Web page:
ANDERSON — In the study and practice of architecture these days, nearly every design begins and ends with a computer.
It wasn't always that way, of course.
Before the advent of personal computers and CAD (computer assisted design) programs, conceptual designs began with drawings using pens, pencils, paint and brushes before they were rendered as blueprints and construction drawings.
As part of a six-week project to create dwellings at Mounds State Park, 15 Ball State University architectural design students recently were specifically directed to abandon technology. The results of their work were on display at the park's nature center recently.
The students each spent about a week investigating the park, and then used their experience and observations to design and build scale model meditation spaces, platforms and tree houses to fit the natural surroundings of the park.
"We were told not to use computers, which is weird," said class member Emily Maurer. "A lot of us were terrified."
"It forced us not to have the crutch of technology," she said. "At some point in our careers we're going to have to have the knowledge to come up with something on our own," she added.
George Elvin, the associate professor of architecture and planning who imposed the no-technology rule, said he was pleased with the results.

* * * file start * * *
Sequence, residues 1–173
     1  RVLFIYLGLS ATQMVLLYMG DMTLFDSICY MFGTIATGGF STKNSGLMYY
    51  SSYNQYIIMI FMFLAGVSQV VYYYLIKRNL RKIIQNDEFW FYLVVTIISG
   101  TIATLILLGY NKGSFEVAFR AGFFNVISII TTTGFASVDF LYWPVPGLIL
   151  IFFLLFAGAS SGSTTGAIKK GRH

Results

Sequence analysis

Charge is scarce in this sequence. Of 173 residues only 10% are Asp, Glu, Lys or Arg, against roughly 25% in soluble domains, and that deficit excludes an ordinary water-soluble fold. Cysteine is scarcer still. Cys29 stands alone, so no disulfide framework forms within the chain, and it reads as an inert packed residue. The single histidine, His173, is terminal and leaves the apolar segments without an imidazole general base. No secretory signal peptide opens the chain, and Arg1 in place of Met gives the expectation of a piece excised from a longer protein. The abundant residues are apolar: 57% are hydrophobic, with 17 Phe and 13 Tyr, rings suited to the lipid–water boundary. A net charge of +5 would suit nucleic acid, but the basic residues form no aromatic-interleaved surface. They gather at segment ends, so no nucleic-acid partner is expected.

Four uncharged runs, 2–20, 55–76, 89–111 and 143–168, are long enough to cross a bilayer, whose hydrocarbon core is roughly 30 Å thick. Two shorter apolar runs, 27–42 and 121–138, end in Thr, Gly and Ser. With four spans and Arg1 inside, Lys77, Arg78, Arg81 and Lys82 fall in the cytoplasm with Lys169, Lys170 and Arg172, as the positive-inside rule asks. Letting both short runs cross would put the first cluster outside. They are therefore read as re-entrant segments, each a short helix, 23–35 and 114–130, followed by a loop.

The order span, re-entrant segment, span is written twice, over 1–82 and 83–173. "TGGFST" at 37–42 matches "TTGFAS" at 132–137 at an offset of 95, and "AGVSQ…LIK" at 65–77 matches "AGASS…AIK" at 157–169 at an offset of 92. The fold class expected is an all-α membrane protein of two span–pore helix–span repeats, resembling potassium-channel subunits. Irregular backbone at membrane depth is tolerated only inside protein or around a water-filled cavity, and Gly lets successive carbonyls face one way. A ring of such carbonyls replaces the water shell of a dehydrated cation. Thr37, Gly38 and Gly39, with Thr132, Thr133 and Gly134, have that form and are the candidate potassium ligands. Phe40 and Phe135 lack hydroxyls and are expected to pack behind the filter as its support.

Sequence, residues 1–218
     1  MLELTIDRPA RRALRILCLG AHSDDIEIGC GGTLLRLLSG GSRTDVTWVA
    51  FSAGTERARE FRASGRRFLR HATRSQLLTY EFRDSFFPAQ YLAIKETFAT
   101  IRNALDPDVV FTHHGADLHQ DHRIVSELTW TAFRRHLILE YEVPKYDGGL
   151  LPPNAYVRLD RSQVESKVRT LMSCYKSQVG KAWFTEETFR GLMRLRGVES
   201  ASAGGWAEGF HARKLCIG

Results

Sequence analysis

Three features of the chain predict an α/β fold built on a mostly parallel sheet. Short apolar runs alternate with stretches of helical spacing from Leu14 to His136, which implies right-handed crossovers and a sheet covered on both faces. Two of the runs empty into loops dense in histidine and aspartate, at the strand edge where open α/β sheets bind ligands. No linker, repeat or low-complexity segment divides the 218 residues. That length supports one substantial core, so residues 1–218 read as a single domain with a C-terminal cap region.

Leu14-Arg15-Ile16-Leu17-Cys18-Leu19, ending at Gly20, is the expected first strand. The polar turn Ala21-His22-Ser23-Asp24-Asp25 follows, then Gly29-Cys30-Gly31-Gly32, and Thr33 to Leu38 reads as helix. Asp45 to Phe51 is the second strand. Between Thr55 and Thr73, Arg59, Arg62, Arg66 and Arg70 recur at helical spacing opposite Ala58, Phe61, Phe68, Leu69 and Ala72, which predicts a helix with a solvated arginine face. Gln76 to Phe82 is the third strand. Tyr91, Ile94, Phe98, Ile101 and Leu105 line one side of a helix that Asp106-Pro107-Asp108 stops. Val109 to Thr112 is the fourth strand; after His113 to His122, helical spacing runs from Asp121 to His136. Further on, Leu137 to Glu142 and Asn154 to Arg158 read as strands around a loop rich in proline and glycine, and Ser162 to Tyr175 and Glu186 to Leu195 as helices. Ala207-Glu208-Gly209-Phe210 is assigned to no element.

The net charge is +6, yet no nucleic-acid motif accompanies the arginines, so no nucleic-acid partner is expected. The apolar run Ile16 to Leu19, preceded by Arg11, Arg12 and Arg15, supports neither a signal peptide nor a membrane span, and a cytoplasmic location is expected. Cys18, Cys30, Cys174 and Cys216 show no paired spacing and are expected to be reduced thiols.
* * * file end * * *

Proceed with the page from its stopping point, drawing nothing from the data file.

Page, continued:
"I think in many ways these projects were more creative because sometimes our use of technology can dictate the outcome of our work," Elvin said.
Ryan Heitkamp's project involved building a series of platforms on a park hillside, each of which would offer an entirely different view of the White River and other park areas, based upon photographs at each spot where a platform would be placed.
"As you climb the hill, there are very different views" said Heitkamp, who described his project as a combination of landscape and structural design.
A trio of stout cottonwood trees near the park's boat landing supplied inspiration for a tree house designed by Wesley Wisehart that would be 30-40 feet off the ground and accessible by ladder.
"I wanted to design something tucked away, but which provided good views," he said.
The structure would have three platforms on slightly different levels, covered with a bamboo latticed roof for sun and rain protection.
"I wanted this to be a kind of shelter house where you could even set up a sleeping bag if you wanted," Wisehart added.
One of the more unique designs is a nomadic meditation hut created by class member Jimmy Darling. He researched yerts, small dwellings generally associated with Central Asian nomadic groups, and teepees that were primarily used by Native Americans of the Great Plains.
Darling said the idea of the portable structure is to find a desired place to meditate, which might change from day to day.
"I wanted them to evoke the spirit of the place, which is something they don't get as a rule," Elvin said of his students' projects. As a result, "I think the outcomes were more unique than they often are with this kind of project."
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